Objective: Radiation-induced glioma is a rare but serious complication of radiotherapy. Underlying radiation-induced mutations in oncogenes or tumor suppressor genes have not previously been described.
Clinical presentation: A 16-year-old female patient developed a glioblastoma in the right frontal lobe 10 years after treatment of a suprasellar germ cell tumor with 50 Gy ionizing radiation. The glioblastoma was undetectable on a high-resolution magnetic resonance image obtained 3 months before diagnosis.
Methods and results: A p53 functional assay was used to examine the transcriptional competence of the p53 tumor suppressor gene. This assay scores the content of mutant p53 alleles in tumor and blood samples quantitatively as a percentage of red yeast colonies. The glioblastoma contained 95% mutant p53 alleles, whereas blood from the patient and her parents contained only normal background levels of red colonies. Sequencing revealed that the mutation in the tumor was a 3-base pair deletion affecting codons 238 and 239. Intragenic deletion within the p53 deoxyribonucleic acid binding domain is uncommon in sporadic tumors but would be entirely consistent with misrepair of a radiation-induced double-strand deoxyribonucleic acid break in this case.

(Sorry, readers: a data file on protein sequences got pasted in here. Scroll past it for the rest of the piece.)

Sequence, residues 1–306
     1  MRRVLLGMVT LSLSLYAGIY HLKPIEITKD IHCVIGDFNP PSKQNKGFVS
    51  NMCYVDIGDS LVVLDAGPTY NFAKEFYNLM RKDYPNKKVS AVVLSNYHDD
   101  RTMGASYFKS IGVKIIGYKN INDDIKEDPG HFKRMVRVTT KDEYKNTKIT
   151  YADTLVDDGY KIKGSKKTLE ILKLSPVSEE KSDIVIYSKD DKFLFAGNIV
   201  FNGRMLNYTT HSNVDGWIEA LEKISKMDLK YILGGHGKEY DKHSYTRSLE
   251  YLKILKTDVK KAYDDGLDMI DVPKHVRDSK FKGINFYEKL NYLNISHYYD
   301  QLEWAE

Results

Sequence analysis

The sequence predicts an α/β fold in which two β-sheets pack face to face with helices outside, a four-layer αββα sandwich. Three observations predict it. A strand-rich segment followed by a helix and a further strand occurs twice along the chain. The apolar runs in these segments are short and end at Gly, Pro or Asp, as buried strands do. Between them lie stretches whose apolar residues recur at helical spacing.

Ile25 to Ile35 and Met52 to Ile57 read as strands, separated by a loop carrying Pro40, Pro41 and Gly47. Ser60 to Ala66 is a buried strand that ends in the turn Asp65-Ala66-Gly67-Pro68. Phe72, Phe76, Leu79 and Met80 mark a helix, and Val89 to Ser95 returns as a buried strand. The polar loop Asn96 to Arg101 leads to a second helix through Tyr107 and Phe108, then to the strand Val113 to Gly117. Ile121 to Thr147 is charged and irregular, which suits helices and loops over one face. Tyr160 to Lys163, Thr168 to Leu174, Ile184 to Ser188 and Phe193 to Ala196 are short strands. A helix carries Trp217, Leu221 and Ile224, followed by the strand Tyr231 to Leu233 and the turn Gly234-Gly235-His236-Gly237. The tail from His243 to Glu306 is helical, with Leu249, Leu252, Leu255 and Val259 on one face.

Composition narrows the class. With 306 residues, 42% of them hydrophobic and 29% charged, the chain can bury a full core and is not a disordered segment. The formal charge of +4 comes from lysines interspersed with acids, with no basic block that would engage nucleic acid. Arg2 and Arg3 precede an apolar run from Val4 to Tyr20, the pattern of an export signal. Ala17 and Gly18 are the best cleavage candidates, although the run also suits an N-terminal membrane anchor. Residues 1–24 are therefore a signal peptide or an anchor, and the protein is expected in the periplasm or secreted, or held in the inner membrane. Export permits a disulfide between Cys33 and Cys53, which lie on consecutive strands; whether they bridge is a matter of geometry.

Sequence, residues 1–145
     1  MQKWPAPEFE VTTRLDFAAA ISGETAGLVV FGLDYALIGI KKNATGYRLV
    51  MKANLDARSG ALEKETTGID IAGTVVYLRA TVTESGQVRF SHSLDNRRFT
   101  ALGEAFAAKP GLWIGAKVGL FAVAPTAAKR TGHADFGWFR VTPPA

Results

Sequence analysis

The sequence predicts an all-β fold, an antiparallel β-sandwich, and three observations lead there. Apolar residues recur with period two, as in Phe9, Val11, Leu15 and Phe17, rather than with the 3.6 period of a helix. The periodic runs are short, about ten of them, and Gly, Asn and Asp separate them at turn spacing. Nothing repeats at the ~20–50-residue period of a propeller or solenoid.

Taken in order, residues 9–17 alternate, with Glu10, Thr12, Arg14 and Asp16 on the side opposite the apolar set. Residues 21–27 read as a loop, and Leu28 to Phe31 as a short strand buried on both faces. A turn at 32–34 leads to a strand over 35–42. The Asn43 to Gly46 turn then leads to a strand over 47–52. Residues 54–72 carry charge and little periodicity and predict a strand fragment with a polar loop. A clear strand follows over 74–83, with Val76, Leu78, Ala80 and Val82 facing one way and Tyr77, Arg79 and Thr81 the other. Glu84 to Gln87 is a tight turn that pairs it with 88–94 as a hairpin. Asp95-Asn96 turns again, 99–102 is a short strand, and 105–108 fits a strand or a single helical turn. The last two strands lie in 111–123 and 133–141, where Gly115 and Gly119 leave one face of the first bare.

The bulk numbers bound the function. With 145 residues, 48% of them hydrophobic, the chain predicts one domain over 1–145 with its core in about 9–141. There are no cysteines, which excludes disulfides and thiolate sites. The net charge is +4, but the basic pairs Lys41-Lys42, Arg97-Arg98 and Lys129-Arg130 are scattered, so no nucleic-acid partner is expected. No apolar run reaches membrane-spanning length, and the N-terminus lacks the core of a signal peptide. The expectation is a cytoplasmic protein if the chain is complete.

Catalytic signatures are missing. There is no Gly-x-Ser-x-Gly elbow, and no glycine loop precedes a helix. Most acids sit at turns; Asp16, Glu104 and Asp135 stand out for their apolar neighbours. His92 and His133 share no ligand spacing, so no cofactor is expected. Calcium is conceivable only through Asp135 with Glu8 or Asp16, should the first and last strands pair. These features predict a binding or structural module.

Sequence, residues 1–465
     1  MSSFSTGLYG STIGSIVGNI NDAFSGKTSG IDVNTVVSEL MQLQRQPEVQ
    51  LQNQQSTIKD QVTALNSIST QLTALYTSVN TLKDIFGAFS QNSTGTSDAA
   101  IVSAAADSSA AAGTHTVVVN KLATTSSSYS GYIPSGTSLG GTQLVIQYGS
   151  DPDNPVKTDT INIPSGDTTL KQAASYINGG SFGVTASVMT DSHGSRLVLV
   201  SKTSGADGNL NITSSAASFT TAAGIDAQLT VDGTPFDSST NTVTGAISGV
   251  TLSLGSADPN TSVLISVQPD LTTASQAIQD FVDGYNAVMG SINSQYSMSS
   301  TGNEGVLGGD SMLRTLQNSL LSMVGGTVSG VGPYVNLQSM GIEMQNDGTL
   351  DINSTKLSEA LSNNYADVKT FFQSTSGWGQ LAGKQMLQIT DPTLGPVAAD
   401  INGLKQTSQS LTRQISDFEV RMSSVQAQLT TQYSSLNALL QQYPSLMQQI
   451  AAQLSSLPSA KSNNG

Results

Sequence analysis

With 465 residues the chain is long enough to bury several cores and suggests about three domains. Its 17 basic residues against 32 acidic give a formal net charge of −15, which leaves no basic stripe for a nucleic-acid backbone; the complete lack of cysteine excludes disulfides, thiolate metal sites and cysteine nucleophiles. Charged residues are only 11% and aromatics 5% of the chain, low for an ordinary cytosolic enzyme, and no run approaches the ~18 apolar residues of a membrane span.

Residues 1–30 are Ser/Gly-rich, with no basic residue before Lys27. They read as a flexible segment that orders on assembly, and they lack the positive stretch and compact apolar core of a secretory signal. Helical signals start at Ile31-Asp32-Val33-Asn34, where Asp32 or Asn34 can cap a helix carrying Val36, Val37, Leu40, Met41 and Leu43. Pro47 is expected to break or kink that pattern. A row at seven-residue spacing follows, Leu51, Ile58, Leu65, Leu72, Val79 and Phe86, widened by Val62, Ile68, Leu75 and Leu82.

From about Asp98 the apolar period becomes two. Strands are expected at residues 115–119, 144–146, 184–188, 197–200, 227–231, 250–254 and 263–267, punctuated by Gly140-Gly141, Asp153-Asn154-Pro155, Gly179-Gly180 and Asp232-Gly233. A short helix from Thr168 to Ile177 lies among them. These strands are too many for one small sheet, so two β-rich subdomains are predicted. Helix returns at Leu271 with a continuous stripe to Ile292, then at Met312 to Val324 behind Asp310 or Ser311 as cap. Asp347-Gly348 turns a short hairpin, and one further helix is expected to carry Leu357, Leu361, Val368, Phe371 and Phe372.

Conclusion: This is the first case in which a causative underlying genetic event has been identified in a radiation-induced glioblastoma. We infer that mutation of one p53 allele occurred at the time of radiotherapy, and the sudden appearance of the tumor 10 years later occurred after loss of the remaining wild-type allele and/or other genetic alterations, such as chromosome 10 loss and epidermal growth factor receptor gene amplification.